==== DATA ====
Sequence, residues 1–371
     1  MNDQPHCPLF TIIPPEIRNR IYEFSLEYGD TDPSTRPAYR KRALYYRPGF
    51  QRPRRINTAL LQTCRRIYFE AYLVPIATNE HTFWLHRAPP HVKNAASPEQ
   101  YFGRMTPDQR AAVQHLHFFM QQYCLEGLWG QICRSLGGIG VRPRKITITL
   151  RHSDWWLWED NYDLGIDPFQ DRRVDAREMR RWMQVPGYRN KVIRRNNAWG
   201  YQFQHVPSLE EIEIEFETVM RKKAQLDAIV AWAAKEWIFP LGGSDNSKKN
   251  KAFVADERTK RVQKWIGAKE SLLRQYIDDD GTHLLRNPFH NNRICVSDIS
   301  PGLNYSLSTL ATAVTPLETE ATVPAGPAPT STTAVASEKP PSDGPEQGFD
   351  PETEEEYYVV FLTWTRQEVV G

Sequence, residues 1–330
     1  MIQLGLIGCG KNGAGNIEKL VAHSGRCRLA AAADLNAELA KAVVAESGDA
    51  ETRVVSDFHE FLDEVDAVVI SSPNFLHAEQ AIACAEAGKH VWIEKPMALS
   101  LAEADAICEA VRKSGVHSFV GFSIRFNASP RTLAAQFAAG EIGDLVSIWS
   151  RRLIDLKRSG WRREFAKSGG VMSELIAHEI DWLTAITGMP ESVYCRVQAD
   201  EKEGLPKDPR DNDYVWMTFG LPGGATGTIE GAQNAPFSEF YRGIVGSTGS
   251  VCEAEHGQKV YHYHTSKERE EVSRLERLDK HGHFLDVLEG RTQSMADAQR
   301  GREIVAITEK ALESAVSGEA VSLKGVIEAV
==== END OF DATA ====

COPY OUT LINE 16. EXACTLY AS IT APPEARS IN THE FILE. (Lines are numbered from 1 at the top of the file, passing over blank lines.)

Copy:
   251  VCEAEHGQKV YHYHTSKERE EVSRLERLDK HGHFLDVLEG RTQSMADAQR